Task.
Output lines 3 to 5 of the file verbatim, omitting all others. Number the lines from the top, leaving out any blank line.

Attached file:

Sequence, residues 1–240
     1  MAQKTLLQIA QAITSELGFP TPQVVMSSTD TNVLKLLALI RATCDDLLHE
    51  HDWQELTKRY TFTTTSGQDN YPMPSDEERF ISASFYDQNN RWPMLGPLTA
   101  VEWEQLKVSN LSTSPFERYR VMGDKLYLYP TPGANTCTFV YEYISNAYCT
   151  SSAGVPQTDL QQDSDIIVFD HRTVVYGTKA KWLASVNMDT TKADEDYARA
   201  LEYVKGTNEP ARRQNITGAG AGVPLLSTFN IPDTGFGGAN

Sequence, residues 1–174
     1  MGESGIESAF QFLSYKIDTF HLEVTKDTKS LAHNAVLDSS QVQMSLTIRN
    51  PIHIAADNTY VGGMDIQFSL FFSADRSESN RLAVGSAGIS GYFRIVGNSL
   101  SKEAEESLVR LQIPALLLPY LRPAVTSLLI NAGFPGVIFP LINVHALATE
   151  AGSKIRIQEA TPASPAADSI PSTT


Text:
    51  HDWQELTKRY TFTTTSGQDN YPMPSDEERF ISASFYDQNN RWPMLGPLTA
   101  VEWEQLKVSN LSTSPFERYR VMGDKLYLYP TPGANTCTFV YEYISNAYCT
   151  SSAGVPQTDL QQDSDIIVFD HRTVVYGTKA KWLASVNMDT TKADEDYARA